2016-10-06 / Opinion

Enbridge’s Routine Inspection Is a Routine for Failure

To the Editor:

Enbridge has explained that it is conducting an “integrity dig” in an area near the Black River west of St. Ignace. Let me explain what an “integrity dig” is. When a pipeline is inspected using sophisticated inline inspection tools (“smart pig”), a record is made of all the observed crack and corrosion features in the pipe. When Enbridge’s pipeline integrity department reviews these records, they select the ones that are more dangerous than company standards for further examination. This examination is made by digging up the pipe and using magnetic and ultrasound tools to actually measure the crack or corrosion feature that was found by the smart pig. This process, where problem areas found by the smart pigs are excavated and physically examined, is called conducting an integrity dig. That Enbridge is finding se- rious crack and corrosion features in the stretch of Line 5 from Rapid River to St. Ignace is not good news.

Documents released by Attorney General Bill Schuette and Governor Rick Snyder’s Pipeline Safety Board reveal that the stretch of Line 5 running from Naubinway to St. Ignace is the most problematic part of Line 5. In a document entitled “Re: Line 5 Straits of Mackinac Changes in Maximum Allowable Operating Pressure,” dated April 6, 2016, Enbridge reveals that the pipeline segment from Naubinway to St. Ignace is restricted to operate at a much lower pressure than originally permitted because of pipeline integrity concerns. As a matter of fact, this stretch of Line 5 is sufficiently corroded and cracked that a continuous maintenance effort is required to keep it running at restricted pressure. Needless to say, any rupture in the stretch from Rapid River to Naubinway would flow directly into Lake Michigan through the numerous marshes, creeks, rivers, and drains that Line 5 crosses.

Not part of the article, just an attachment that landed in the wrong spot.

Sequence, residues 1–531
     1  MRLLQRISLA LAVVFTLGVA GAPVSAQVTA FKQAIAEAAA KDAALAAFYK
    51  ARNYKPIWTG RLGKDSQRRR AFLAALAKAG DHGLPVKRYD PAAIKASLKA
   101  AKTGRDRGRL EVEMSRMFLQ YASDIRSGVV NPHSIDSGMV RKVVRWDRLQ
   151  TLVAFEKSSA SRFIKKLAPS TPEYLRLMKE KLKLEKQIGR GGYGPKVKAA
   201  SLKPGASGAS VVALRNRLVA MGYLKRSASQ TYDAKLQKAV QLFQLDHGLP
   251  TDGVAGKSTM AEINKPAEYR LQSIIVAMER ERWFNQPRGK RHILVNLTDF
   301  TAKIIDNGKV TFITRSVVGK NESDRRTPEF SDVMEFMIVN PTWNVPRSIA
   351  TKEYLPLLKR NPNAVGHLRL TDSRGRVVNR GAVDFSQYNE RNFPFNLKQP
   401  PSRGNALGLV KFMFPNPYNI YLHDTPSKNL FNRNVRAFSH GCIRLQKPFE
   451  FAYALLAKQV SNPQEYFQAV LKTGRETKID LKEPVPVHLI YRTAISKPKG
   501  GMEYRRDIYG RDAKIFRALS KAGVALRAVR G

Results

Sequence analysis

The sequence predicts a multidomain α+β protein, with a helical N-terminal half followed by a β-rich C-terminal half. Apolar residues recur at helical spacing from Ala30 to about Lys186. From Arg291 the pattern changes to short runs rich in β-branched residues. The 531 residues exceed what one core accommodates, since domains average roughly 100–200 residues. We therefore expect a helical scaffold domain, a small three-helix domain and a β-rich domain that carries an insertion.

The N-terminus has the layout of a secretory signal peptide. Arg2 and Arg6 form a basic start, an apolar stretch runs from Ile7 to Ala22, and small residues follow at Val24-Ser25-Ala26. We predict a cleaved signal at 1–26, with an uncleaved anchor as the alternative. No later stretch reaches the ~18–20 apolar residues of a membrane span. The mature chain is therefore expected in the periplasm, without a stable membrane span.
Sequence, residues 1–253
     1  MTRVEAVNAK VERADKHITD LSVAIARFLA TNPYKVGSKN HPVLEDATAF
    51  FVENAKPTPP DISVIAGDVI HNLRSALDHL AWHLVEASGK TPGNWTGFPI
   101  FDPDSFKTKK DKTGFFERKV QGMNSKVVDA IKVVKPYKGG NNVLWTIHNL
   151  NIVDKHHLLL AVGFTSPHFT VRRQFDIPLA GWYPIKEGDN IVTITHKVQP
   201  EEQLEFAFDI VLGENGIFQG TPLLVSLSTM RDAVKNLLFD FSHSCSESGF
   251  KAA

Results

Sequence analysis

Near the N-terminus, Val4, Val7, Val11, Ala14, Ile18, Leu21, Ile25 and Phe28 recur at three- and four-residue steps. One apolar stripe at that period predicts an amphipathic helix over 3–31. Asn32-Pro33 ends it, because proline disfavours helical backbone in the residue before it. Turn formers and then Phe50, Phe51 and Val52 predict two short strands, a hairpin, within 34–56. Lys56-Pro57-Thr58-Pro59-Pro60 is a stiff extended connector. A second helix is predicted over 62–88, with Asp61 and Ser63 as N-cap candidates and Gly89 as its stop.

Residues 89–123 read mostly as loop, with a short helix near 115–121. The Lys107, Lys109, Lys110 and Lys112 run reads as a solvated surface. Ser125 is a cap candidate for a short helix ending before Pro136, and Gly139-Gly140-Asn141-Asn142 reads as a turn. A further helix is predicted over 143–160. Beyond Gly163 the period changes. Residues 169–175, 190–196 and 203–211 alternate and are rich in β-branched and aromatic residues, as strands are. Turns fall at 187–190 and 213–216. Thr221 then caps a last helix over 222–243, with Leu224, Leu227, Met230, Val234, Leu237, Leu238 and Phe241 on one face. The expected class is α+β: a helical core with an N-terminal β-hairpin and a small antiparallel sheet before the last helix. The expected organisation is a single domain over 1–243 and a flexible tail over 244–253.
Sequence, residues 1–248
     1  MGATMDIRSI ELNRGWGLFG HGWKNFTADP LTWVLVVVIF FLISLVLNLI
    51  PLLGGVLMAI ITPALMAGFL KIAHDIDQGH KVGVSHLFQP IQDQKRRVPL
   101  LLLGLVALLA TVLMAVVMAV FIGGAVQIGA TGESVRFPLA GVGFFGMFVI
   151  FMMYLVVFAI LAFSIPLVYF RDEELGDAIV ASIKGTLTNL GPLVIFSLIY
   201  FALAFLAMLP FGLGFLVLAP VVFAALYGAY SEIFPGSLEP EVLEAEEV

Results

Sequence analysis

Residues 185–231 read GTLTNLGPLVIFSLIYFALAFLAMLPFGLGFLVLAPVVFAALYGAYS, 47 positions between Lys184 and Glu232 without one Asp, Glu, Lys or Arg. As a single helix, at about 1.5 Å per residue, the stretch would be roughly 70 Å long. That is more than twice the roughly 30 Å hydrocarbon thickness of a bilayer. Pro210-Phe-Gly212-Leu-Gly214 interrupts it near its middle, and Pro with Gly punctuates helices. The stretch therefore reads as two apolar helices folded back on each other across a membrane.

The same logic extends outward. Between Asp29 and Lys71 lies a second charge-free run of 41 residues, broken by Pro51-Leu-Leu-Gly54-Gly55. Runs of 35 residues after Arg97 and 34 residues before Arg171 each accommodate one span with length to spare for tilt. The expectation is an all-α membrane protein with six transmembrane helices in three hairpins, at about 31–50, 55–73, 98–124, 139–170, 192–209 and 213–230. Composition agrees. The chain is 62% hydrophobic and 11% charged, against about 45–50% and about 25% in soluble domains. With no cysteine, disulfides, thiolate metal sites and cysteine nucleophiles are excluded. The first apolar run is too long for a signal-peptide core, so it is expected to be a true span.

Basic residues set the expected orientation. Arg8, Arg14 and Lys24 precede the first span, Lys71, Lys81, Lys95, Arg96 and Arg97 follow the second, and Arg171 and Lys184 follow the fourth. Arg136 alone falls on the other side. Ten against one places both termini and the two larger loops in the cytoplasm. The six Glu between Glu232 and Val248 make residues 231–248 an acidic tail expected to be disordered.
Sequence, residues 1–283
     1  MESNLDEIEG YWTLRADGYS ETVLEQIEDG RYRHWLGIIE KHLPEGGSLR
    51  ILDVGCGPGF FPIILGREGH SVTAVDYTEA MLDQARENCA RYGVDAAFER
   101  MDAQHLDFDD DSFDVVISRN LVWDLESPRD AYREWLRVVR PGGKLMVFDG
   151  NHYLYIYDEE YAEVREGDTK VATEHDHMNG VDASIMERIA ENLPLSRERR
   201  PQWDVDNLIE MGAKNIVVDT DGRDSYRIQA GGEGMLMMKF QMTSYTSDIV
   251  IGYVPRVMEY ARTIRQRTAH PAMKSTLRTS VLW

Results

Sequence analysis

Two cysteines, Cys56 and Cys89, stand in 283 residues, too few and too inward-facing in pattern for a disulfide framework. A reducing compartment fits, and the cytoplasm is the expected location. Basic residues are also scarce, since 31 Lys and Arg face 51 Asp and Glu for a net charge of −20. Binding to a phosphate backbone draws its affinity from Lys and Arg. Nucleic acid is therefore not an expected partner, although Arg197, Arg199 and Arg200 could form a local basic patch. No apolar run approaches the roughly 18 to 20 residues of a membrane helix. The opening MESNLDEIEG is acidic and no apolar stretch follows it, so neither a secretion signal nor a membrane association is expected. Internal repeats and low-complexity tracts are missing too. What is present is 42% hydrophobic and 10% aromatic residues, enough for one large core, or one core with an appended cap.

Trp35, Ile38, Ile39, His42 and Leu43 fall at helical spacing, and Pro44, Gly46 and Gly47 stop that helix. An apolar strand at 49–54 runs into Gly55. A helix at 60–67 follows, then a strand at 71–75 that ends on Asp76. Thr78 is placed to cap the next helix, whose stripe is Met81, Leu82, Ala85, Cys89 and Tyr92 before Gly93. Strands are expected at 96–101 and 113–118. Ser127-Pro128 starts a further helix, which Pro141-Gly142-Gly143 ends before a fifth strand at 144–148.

Enbridge’s public relations campaign has done a masterful job of spinning evidence of impending danger into a positive. Don’t buy it. Richard Kuprewicz, a noted pipeline expert, informed me that the most dangerous part of Line 5 may well be the segment from Rapid River to Naubinway, and I see no reason to disagree with his opinion. I have called for Governor Snyder’s Pipeline Board to examine every inch of Line 5, not just the part under the Straits. Enbridge’s recent “integrity dig” at the Black River is just more evidence that Line 5 should be restricted until a complete examination by independent experts of every inch of it has been conducted.

Edward Timm, PhD, PE

Harbor Springs

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